Is it reasonable to request that a salary increases annually at least by the rate of inflation in a employment contract, to allow staff to keep salary in line with living costs if there were no official promotions for a few consecutive years?

The contract could be for any job but I am thinking of one in the technology/development sector. It would be a full time permanent position.

  • If you can get that into a contract then it is absolutely reasonable. If you can get new contracts with at least that rate of increase then absolutely. If you cant then no its not reasonable to expect them to do it anyway. Dec 22, 2014 at 18:35

2 Answers 2


You can certainly ask. Good luck. I have yet to have heard of a case where this has actually been accomplished, and there would be work to determine what standard for "inflation" is agreeable to both you and the company. There are always numerous metrics to describe a financial condition, and you don't want to leave this vague if you want it to be effective.

If I were your company, I probably wouldn't agree. The overall rate of inflation of the country/state/industry may not closely match the company's growth in revenue. The money they have earned is the money they can use to pay you, and it really doesn't matter to the bottom line if other companies or people are making more money. If they are willing to commit to growing salaries in some fixed relationship to inflation, then they will be faced with being forced to layoff people when inflation has increased but revenue has decreased.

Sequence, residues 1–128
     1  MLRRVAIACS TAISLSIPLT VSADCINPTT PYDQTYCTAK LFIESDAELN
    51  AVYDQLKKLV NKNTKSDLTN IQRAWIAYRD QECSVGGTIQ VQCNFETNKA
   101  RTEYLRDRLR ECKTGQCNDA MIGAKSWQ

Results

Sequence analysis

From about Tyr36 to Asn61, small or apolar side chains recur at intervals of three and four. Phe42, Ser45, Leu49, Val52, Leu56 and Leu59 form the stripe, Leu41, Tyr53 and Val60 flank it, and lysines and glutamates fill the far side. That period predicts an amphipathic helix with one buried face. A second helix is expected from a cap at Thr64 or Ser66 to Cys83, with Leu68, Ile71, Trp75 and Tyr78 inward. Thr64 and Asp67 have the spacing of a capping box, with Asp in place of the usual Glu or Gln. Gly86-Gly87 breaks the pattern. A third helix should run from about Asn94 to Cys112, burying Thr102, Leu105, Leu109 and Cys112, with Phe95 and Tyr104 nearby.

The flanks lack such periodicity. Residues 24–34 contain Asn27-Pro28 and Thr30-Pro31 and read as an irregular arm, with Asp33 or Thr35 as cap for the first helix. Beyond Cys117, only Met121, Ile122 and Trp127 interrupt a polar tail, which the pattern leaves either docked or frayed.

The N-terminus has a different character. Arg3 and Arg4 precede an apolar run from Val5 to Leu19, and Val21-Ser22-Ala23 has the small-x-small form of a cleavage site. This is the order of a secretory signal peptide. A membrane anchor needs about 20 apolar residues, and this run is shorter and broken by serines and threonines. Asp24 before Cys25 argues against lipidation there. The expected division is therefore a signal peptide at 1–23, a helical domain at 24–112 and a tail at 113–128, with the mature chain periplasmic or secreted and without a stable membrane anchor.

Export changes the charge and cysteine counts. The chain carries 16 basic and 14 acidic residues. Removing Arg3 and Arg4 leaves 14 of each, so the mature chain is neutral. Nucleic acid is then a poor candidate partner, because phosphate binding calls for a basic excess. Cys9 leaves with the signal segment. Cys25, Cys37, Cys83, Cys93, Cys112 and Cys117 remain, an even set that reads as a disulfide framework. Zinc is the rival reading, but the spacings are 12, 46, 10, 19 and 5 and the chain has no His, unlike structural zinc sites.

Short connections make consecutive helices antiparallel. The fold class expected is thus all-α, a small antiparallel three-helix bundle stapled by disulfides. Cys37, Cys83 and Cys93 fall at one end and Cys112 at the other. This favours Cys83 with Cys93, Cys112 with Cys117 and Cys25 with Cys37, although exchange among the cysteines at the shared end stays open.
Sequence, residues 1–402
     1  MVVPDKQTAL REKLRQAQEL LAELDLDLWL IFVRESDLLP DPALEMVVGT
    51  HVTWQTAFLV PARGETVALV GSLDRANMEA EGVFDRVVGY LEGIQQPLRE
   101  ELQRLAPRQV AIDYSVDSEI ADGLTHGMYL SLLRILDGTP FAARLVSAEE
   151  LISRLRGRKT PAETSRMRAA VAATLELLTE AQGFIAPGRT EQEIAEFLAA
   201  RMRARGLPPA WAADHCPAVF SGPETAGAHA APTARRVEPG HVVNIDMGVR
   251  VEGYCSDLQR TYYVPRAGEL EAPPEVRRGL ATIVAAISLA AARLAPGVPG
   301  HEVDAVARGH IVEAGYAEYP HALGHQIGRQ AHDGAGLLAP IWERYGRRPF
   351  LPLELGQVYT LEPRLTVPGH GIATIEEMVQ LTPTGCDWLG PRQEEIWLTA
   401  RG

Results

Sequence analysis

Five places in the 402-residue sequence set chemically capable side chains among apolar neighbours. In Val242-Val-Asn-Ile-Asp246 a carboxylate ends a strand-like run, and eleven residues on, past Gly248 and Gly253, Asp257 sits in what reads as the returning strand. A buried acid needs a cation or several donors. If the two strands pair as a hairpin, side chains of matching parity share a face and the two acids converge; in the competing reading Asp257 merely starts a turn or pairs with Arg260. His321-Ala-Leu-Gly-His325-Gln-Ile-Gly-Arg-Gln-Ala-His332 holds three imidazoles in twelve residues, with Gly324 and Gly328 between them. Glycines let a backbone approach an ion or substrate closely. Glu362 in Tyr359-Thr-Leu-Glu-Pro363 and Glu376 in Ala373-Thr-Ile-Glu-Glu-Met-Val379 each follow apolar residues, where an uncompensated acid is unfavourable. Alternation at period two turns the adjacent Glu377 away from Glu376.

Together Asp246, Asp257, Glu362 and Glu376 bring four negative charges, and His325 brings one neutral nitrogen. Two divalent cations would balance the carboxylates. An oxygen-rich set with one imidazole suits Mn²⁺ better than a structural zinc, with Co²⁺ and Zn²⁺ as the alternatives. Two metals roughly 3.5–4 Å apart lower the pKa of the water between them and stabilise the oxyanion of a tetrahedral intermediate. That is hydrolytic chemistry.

It's not a deal I would make, but each company makes it's own decisions in this area. Many companies will claim to give "competitive" salaries, by which they generally mean that they try to keep your salary comparative to their competition and to what it takes to retain someone in your field. The question is - how well do they do and what can they share about the pay of actual employees in actual job roles in comparison to current industry standards?


I think it's entirely reasonable. I also think, though, that it's unlikely.

I've never seen such a clause in a contract and, while it's intrinsically unfair that many of us see our real-terms salaries decrease some (many) years, I think it's unusual for that not to be the case, unfortunately.

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